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WALLED LAKE • FARMINGTON • NOVI • CANTON • TROY • STERLING HEIGHTS
or Rabbi Nathaniel Lauer,
the fact that the Southfield
buses would not make runs
to Bais Yaakov anymore
was more than a professional
quandary; it was a personal
As educational director of
Yeshiva Beth Yehudah's girls
school, he now had to find a so-
lution for the parents of several
students who no longer had a
way to and from school.
But as a parent, he also had to
work out plans for his two
daughters, both students at the
"We hope to have something
available to the students and we
are exploring the possibilities,"
said Rabbi Lauer, noting that
school starts the day after Labor
Rabbi Lauer is among a group
of about 20 Bais Yaakov parents
who aired their concerns about a
recent public-school transporta-
tion budget cut at the Southfield
school-board meeting last
Prior to the budget cut, stu-
dents who lived in the Southfield
district but attended Bais Yaakov
in Oak Park as well as those who
went to Brother Rice and Mari-
an high schools in Birmingham
were given out-of-district trans-
portation to and from the private
schools, a service no other pub-
lic-school system in the area pro-
According to state law, a school
system is obligated to transport
any student who lives within the
district boundaries and attends
classes, private school included,
within those borders. The law
also stipulates that the districts
can set limits on how far a child
is expected to walk to school, but
that distance cannot be greater
than 1 1/4 miles.
However, a school district is
not required to bus children who
live within the district to private
schools located outside of those
The Southfield school district
provides education and services
to over 9,200 students in its dis-
trict on a budget of $86.4 million.
A little more than $4 million of
that budget was allocated last
year to transportation. Of that
amount, about $50,000 was spent
ferrying children to private
schools located out of the South-
field school district.
In the past five years, the
school district has grappled with
financing, in large part due to
Proposal A, a measure which
changed the way public schools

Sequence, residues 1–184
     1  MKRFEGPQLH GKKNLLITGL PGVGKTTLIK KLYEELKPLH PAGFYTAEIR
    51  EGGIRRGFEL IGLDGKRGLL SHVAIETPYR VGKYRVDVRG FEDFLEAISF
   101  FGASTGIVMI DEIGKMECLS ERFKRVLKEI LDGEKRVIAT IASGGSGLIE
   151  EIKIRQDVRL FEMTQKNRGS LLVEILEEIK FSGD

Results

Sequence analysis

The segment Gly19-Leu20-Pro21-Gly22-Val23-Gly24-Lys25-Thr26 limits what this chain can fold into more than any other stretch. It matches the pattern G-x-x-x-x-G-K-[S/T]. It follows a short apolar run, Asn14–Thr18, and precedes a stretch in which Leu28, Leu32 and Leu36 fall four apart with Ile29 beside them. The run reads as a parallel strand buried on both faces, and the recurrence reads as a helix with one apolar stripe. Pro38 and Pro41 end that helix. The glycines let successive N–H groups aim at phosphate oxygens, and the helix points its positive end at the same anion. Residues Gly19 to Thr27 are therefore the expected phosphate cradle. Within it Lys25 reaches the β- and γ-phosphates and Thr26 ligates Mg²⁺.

are financed in the state.
Because of limited funds and
an inability to increase its rev-
enues, the district has clipped
portions of the budget. Part of the
trimmings included the elimina-
tion of 180 positions, the ele-
mentary instrumental music
program and administrative of-
"There were parents who came
to the meeting who thought they
were being singled out," said
Kenson Siver, spokesperson for
the Southfield Public Schools.
"But this is one part of a contin-
uing tightening of the budget.
"The approximate savings
(from this cut) would mean that
we would have to run one less
bus," he said. "That $50,000 is
equal to one teacher's salary."
Because of state law, the stu-
dents who attend Akiva Hebrew
Day School, Yeshiva Beth Yehu-
working on a
dah and Darchei Torah would
not be affected by the cuts. Par-
ents of Darchei Torah children
who live out of Southfield's
district must pay $600 per child
per year for private bus service
or provide their own transporta-
Oak Park Schools do not pro-
vide bus service to Bais Yaakov
students because most of them
live within the 1 1/4 mile radius
from the girls school.
"My kids lived two houses
away from the 1 1/4 mile mark
and they still had to walk," said
Joyce Zack, president of the Oak
Park School Board.
According to Mr. Siver, prin-
cipals of the schools affected by
the cut were informed of the
transportation change six to eight
weeks ago. Bais Yaakov parents,
however, were not informed of
the change until last week.
Rabbi Lauer said many of the
students who attend his school
walk to and from classes. Anoth-
er portion engage in carpools and
a smaller number take the
"I am very thankful for what
Southfield schools have done in
the past and hope that we will be
able to work together with them
sometime in the future," Rabbi
Lauer said. ❑